A once prominent physician fraudulently charges the same trip to Japan to three different employers, including two universities and a private firm. Over an eight-year period, he amasses more than half a million dollars from falsified expenses.
A Connecticut woman pleads guilty to embezzling more than $1 million by exploiting financial control weaknesses in her company’s travel and expense (T&E) and payment processes during a three-year period.
Fortunately, high-profile cases like these are highly unusual in their duration and amount. The average expense fraud case lasts 24 months and results in losses of $31,000, according to the Association of Certified Fraud Examiners (ACFE).
In a recent interview with The Company Dime, I shared my perspective on how companies can protect against falling victim to T&E and P-Card fraud cases like these.
Faking credit card billing statements is pretty bold. How common is this type of fraud?
Every organization is guaranteed to have some fraud. The more employees you have and the less monitoring you have – the more chances there are for the fraud to stay under the radar. We find fraud that rises to the level of a million-dollar embezzlement scheme like this is extremely rare – a fraction of one-percent. However, even a few fraudsters can leak millions of dollars.
Expense fraud is often the gateway to even larger workplace fraud schemes. For example, someone who cheats on an expense report is more likely to commit other kinds of workplace fraud, such as using a corporate card to fund a side business or support a lavish lifestyle. In 75.6% of expense reimbursement schemes, the perpetrator was also engaged in at least one other form of occupational fraud, according to the ACFE.
How can companies detect and stop fraud cases like these?
Companies aren’t defenseless against this type of fraud. An automated expense auditing and compliance monitoring solution like Oversight Insights On Demand eliminates the ability of an employee to conceal fraud by manually altering credit card statements. That’s because the artificial intelligence (AI) system is continually accepting, monitoring, and analyzing credit card transactions through direct card data feeds. These transactions would have been flagged as high risk based on multiple risk dimensions.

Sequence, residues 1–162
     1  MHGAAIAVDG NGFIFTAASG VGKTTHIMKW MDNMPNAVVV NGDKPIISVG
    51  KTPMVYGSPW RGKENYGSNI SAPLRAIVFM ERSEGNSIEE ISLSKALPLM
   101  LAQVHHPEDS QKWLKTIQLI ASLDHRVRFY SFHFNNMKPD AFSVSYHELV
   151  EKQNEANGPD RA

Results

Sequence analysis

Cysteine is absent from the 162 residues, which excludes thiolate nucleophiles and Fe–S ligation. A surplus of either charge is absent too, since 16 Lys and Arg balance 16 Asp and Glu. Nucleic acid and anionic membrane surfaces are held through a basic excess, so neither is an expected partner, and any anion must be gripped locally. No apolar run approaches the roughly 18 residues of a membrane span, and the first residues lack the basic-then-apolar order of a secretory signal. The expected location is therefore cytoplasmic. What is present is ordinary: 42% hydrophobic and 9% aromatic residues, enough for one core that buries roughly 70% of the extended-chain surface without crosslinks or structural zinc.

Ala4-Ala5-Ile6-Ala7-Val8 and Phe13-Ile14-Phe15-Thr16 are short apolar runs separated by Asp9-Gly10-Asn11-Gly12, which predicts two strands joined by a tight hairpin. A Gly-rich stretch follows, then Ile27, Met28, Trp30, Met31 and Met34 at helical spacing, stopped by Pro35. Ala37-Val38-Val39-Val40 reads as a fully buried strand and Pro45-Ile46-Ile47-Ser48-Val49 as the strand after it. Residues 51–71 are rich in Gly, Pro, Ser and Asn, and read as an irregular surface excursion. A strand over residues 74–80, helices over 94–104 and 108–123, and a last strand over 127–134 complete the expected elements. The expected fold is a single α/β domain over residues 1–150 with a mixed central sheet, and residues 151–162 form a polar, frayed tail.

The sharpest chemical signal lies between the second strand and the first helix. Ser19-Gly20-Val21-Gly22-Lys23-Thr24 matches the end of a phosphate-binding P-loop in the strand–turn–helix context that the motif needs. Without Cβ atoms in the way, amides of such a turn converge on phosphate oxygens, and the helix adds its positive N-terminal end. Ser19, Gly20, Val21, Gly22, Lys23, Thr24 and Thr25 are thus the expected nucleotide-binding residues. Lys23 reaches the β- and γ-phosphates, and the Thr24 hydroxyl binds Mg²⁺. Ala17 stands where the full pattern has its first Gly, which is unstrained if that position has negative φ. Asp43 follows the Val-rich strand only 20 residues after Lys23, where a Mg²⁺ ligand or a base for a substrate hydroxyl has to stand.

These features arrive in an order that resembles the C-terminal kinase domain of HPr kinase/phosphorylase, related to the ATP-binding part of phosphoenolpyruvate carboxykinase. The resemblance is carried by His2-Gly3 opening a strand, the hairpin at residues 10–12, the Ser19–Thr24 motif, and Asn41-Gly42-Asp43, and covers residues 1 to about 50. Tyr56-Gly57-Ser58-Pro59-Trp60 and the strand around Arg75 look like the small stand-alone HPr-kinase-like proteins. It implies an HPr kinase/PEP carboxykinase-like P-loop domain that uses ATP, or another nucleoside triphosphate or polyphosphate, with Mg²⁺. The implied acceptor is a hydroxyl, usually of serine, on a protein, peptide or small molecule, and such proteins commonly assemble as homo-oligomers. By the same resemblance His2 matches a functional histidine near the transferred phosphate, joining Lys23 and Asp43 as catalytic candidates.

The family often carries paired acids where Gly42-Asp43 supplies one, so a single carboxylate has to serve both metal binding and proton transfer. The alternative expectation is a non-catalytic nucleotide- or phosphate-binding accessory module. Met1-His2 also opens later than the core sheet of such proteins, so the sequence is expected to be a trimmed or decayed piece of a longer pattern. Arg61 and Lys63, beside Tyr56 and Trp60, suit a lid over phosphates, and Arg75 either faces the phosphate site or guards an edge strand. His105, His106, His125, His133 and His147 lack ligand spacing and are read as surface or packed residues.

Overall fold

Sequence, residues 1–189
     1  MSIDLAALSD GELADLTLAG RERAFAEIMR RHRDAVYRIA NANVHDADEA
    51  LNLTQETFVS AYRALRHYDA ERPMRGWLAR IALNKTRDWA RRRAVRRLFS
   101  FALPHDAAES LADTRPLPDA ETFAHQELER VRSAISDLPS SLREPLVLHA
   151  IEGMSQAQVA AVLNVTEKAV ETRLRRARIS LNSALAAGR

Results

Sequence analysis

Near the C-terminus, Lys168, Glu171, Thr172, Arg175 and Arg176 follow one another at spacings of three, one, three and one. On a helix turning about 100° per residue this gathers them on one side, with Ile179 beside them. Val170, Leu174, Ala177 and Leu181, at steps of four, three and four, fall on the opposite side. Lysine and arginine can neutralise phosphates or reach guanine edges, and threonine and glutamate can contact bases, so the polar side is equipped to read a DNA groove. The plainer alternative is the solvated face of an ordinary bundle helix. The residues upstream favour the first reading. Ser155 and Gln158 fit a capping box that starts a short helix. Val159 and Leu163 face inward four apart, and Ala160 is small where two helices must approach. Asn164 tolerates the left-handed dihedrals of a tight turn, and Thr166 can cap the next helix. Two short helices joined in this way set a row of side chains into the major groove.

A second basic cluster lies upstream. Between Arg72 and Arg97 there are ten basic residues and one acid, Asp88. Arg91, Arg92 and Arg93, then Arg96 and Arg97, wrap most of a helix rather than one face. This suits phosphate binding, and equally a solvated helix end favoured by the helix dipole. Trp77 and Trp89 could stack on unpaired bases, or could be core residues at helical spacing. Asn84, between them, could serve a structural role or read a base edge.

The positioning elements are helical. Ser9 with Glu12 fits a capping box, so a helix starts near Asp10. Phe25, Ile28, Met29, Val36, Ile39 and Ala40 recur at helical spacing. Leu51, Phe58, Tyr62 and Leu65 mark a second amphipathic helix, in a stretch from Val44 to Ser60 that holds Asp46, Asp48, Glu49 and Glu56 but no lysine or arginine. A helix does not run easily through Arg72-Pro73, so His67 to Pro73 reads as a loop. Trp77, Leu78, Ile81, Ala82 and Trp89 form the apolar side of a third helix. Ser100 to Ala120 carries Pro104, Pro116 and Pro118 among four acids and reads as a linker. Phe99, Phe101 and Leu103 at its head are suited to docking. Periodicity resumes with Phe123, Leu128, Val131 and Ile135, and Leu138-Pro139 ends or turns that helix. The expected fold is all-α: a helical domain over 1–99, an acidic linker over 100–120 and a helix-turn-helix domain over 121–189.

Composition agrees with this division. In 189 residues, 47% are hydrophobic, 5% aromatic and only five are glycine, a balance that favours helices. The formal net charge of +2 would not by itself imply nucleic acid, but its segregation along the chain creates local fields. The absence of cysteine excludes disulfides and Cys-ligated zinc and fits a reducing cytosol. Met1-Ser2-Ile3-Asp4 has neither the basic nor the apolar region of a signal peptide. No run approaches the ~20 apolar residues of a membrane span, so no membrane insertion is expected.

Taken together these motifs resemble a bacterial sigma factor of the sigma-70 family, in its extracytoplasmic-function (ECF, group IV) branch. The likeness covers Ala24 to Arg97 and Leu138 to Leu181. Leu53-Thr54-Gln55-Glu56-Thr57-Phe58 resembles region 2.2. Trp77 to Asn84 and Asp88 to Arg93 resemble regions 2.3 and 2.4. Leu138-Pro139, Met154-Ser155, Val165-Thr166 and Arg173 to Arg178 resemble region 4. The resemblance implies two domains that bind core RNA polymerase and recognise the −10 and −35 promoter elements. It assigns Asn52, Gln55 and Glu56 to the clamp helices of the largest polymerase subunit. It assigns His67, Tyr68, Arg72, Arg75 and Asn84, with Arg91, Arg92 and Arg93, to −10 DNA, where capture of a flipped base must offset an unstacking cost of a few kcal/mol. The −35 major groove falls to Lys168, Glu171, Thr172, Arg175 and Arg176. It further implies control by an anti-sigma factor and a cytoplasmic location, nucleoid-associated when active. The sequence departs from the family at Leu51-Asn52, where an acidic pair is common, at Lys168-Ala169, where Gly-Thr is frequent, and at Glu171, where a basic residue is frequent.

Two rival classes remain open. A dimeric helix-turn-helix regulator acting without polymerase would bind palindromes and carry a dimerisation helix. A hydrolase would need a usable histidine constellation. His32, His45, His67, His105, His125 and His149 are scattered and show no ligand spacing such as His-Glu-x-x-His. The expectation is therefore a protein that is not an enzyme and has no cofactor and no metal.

For example, in the Connecticut case, the system would have identified transactions that appear to be personal even though they were expensed. Comparing these transactions to all other employees, the system would have flagged the spending behavior as abnormal. Then, looking at the level 3 card data, we would have visibility to purchase item and other details, such as merchant category codes, keywords, and addresses, to identify high-risk merchants or transactions. Finally, large transfers from credit cards to PayPal and Venmo accounts also would be a major red flag.
Typically, this type of fraud would have been detected by a sophisticated AI system like Oversight in less than 30 days, rather than going on for years.
Early detection helps prevent major fraud losses. According to the Association of Certified Fraud Examiners (ACFE), fraudsters tend to start small and increase their fraud rapidly within the first three years.
Proactive data monitoring and analysis were found to be the most effective control for combating fraud overall, resulting in 58% faster detection and 52% lower monetary losses, according to the 2018 ACFE fraud report.
Oversight leverages AI and machine learning technologies to analyze all T&E and card transactions and detect high-risk transactions such as fraud, waste, and misuse. The solution also provides sophisticated analytics to identify patterns of internal and external collusion, bribery, and corruption.
Don’t fall victim to T&E and P-Card fraud. Check out our best practices guide and discover how to detect and stop T&E and P-Card waste, misuse, and fraud. Better yet, request an Oversight demo today and see how you can turn your manual expense audit process into a streamlined and automated risk mitigation workflow.